The New York Times is an American newspaper based in New York City with worldwide influence and readership. Founded in 1851, the paper has won more than any other newspaper; the Times is ranked 17th in the world by circulation and 2nd in the U. S; the paper is owned by The New York Times Company, publicly traded and is controlled by the Sulzberger family through a dual-class share structure. It has been owned by the family since 1896. G. Sulzberger, the paper's publisher, his father, Arthur Ochs Sulzberger Jr. the company's chairman, are the fourth and fifth generation of the family to helm the paper. Nicknamed "The Gray Lady", the Times has long been regarded within the industry as a national "newspaper of record"; the paper's motto, "All the News That's Fit to Print", appears in the upper left-hand corner of the front page. Since the mid-1970s, The New York Times has expanded its layout and organization, adding special weekly sections on various topics supplementing the regular news, editorials and features.
Since 2008, the Times has been organized into the following sections: News, Editorials/Opinions-Columns/Op-Ed, New York, Sports of The Times, Science, Home and other features. On Sunday, the Times is supplemented by the Sunday Review, The New York Times Book Review, The New York Times Magazine and T: The New York Times Style Magazine; the Times stayed with the broadsheet full-page set-up and an eight-column format for several years after most papers switched to six, was one of the last newspapers to adopt color photography on the front page. The New York Times was founded as the New-York Daily Times on September 18, 1851. Founded by journalist and politician Henry Jarvis Raymond and former banker George Jones, the Times was published by Raymond, Jones & Company. Early investors in the company included Edwin B. Morgan, Christopher Morgan, Edward B. Wesley. Sold for a penny, the inaugural edition attempted to address various speculations on its purpose and positions that preceded its release: We shall be Conservative, in all cases where we think Conservatism essential to the public good.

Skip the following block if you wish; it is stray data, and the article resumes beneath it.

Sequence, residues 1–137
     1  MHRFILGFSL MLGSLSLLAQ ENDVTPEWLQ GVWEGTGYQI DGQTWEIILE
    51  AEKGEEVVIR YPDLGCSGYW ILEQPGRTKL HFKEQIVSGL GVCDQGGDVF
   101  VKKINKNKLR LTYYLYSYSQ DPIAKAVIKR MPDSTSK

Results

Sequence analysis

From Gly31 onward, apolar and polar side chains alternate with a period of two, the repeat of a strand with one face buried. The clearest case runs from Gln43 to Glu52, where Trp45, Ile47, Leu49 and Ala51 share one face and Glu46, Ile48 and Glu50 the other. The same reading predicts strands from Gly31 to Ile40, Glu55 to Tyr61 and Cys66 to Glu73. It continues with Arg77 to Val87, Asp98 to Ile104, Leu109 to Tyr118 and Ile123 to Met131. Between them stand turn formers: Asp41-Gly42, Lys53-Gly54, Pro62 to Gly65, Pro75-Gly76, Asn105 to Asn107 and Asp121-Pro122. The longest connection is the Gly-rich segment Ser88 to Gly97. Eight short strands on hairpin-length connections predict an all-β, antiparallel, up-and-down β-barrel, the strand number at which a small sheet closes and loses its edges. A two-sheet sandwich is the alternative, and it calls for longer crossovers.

We do not believe that everything in Society is either right or wrong. In 1852, the newspaper started a western division, The Times of California, which arrived whenever a mail boat from New York docked in California. However, the effort failed. On September 14, 1857, the newspaper shortened its name to The New-York Times. On April 21, 1861, The New York Times began publishing a Sunday edition to offer daily coverage of the Civil War. One of the earliest public controversies it was involved with was the Mortara Affair, the subject of twenty editorials in the Times alone; the main office of The New York Times was attacked during the New York City Draft Riots. The riots, sparked by the beginning of drafting for the Union Army, began on July 13, 1863. On "Newspaper Row", across from City Hall, Henry Raymond stopped the rioters with Gatling guns, early machine guns, one of which he manned himself; the mob diverted, instead attacking the headquarters of abolitionist publisher Horace Greeley's New York Tribune until being forced to flee by the Brooklyn City Police, who had crossed the East River to help the Manhattan authorities.